1. Ben, setting goals, success and failure along with some other subjects, have always been something difficult for me to assess. I would like to first of all say that I prefer to see people saved and believers committed and I also like big crowds more than small ones generally. I guess that is the humanity in me and it probably also describes my idea of success from “my” point of view.
    Having said that I think you are correct in the fact that our calling is to evangelize and proclaim the Gospel. I believe that if we get those things right and are fervent in them we are seen as successful in God’s sight. The convicting and saving of a soul is God’s work, not mine. I just better be sure that I tell about Him in a clear and concise and understandable manner.
    The other blog I got from you today is a bit of a different matter. I am satisfied usually that I have done and said what God wants me to do and say. However, not trying to sound overly spiritual, I will remain unsatisfied as long as someone has not responded to Jesus. That propels me to continue to be vigilant and not become satisfied to the point where I think I have finished and don’t have anything else to do.
    Thanks for the blogs. They challenged me to think and I like that.

    • Bill, thanks for commenting!

      I have to agree with you that the humanity in me wants to see large groups and many converts. Perhaps that’s why I’ve struggled quite a bit coming out of the rally. I want results, and I want them now, but I’ve taken solace in the promises of Scripture that God is working even though I cannot see it. By faith, I plant seeds and trust the Lord for the increase and the harvest.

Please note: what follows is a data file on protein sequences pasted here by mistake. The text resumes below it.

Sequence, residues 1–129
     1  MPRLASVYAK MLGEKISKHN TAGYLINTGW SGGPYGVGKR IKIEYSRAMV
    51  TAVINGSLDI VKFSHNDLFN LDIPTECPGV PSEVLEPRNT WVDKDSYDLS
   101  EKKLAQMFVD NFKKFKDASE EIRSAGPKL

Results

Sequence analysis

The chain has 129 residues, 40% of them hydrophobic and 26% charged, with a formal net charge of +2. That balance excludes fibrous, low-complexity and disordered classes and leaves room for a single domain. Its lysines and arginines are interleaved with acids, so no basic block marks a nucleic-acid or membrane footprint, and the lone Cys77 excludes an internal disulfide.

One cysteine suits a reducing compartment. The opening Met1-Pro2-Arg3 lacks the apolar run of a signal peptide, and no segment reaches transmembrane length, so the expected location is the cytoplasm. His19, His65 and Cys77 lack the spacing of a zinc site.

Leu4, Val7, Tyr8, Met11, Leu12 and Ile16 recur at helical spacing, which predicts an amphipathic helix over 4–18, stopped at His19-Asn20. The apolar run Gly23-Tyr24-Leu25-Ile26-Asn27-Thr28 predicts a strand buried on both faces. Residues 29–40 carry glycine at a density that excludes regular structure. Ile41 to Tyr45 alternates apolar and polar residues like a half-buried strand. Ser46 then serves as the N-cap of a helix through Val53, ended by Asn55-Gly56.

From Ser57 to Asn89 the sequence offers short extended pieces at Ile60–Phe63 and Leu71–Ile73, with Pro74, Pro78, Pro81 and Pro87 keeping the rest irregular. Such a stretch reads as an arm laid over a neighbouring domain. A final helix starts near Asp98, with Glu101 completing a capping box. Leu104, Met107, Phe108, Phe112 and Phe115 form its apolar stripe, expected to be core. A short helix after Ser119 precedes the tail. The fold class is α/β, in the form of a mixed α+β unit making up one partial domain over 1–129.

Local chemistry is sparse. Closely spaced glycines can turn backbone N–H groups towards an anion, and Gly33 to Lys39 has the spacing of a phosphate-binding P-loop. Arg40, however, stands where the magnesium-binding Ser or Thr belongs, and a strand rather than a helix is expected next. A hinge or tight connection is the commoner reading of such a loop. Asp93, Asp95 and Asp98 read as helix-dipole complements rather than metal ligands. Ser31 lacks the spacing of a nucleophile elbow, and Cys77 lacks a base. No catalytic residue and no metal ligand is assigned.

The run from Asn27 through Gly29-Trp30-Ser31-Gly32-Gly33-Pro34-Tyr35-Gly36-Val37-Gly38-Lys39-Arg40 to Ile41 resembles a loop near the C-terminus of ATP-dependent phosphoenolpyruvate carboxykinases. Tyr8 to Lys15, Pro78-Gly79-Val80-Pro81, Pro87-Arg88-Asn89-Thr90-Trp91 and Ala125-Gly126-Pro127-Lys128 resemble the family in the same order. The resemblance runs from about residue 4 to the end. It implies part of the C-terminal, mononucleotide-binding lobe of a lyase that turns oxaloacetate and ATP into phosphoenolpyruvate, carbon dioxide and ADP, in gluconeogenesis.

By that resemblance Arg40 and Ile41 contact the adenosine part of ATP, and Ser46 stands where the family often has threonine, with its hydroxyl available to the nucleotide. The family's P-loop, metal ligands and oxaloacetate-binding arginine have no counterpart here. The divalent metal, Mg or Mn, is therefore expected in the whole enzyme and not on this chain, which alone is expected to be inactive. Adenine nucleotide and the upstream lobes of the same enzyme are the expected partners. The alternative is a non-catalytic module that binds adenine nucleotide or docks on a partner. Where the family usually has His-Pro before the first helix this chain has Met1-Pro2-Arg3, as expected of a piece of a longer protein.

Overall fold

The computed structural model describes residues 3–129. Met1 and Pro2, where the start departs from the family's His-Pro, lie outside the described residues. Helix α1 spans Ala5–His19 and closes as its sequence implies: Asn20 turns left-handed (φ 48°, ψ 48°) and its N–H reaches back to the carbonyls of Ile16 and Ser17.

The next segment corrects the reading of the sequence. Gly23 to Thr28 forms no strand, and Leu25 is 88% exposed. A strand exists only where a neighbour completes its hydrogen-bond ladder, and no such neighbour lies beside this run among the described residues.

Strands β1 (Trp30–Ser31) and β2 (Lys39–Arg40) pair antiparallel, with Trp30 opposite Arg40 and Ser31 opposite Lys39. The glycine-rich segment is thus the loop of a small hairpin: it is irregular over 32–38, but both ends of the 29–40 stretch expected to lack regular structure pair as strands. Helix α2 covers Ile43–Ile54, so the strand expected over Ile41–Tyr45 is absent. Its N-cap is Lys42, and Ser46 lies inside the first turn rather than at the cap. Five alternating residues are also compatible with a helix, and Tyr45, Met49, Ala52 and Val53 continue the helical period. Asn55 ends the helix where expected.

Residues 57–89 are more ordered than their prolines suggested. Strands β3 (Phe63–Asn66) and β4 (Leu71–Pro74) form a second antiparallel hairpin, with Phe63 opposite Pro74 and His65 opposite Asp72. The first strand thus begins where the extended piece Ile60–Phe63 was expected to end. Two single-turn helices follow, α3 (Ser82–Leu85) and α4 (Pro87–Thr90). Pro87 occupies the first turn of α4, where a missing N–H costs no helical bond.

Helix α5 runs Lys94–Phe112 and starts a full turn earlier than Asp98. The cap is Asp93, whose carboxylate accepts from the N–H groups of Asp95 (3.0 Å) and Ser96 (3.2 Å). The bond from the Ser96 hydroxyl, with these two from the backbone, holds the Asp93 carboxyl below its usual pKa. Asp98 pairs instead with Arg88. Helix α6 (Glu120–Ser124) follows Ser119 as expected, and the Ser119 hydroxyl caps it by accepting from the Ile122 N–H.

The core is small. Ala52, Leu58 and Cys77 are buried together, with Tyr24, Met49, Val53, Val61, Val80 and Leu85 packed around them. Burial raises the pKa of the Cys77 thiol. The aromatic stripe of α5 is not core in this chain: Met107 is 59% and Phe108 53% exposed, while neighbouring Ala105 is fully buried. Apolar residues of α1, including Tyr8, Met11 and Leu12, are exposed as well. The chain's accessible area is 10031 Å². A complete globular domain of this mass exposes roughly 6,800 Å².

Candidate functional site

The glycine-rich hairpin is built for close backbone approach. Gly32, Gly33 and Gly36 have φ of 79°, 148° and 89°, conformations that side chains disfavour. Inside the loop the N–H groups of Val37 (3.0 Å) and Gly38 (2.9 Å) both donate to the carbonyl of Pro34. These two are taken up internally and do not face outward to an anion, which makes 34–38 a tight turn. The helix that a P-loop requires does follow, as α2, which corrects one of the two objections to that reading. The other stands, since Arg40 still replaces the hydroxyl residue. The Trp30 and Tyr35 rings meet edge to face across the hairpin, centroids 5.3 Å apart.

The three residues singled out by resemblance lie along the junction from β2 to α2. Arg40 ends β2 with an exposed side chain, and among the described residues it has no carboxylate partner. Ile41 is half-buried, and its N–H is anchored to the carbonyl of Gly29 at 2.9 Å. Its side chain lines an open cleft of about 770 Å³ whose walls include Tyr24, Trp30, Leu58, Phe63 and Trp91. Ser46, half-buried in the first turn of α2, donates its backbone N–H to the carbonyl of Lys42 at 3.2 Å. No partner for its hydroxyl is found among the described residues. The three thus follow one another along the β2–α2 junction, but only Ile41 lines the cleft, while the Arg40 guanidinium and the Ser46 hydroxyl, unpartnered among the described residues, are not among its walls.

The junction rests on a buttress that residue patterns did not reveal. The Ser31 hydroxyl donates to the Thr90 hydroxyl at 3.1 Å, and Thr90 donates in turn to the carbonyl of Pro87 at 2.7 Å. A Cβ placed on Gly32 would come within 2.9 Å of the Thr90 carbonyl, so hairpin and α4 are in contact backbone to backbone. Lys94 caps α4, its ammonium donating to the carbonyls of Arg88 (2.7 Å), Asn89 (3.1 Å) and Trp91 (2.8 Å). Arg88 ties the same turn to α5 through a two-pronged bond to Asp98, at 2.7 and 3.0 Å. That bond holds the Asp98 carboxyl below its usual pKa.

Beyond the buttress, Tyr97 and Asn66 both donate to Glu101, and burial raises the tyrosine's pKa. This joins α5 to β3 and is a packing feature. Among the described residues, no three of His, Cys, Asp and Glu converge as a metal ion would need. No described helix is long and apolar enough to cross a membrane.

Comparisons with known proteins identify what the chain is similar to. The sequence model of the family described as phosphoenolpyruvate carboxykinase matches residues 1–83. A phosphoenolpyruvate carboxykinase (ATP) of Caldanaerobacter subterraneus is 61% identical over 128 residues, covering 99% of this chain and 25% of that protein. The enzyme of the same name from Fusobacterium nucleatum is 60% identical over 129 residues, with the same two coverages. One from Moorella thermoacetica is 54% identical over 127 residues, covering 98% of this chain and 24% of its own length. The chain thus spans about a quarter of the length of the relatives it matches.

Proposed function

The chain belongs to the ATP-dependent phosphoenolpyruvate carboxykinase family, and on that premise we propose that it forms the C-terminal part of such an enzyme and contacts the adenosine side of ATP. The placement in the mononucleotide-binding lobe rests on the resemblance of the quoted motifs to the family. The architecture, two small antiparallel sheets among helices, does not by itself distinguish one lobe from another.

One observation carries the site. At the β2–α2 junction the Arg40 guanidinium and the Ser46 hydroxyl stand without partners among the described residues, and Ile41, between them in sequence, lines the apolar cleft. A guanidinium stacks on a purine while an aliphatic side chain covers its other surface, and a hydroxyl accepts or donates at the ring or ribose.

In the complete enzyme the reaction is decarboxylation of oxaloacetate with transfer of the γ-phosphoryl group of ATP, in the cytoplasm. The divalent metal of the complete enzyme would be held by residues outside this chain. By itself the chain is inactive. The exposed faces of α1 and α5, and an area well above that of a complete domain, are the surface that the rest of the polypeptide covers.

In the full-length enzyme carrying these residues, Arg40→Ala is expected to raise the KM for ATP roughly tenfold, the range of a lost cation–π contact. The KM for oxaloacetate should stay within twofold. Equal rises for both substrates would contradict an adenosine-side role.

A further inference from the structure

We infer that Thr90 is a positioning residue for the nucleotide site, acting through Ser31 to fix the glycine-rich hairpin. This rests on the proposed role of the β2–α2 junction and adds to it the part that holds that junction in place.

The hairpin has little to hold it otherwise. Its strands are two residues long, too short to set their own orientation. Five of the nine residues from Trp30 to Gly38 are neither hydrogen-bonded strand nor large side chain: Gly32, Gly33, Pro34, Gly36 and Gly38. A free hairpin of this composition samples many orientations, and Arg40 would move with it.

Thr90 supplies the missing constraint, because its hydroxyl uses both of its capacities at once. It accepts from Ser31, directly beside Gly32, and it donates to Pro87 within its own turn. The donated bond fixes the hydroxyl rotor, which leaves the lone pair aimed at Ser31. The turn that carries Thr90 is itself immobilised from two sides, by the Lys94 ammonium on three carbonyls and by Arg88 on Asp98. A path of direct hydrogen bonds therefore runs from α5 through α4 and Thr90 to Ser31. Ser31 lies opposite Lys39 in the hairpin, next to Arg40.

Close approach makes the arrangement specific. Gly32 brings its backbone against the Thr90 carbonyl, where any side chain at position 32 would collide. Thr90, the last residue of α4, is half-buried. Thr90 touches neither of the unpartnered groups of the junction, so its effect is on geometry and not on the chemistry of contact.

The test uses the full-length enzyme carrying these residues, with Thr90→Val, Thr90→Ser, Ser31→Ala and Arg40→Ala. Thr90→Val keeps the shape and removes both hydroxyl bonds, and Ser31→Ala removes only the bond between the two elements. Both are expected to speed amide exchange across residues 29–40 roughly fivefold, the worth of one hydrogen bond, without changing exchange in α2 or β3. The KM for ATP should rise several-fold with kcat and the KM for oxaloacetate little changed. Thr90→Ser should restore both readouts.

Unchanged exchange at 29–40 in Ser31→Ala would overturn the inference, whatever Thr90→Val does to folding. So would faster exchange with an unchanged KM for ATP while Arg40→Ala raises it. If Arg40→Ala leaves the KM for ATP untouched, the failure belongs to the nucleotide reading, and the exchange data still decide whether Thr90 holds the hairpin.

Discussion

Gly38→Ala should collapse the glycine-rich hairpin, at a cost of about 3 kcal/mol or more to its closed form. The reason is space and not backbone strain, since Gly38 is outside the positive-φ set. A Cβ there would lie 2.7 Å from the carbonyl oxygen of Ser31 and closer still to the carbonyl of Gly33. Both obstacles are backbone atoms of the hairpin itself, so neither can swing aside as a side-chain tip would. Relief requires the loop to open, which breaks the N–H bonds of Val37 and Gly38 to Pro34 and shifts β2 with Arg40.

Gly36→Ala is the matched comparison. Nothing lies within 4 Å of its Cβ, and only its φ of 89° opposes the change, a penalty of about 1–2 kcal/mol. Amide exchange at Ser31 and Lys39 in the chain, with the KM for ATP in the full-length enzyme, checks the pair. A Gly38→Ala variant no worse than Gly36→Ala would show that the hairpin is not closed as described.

That’s why the Parable of the Seed is so comforting to us in times like these: The kingdom of God is like a man who casts seed upon the soil; and he goes to bed at night and gets up by day, and the seed sprouts and grows—how, he himself does not know. The soil produces crops by itself; first the blade, then the head, then the mature grain in the head. But when the crop permits, he immediately puts in the sickle, because the harvest has come, (Mark 4:26-29). Plant gospel seeds and rest peacefully because it is God who produces the crop! As you said, “The convicting and saving of a soul is God’s work, not mine.”

      I really appreciate you pointing out that we had just better be sure that we tell about people the gospel in a clear, concise, and understandable manner. Amen to that! And, may we both never be satisfied until the whole world is saved!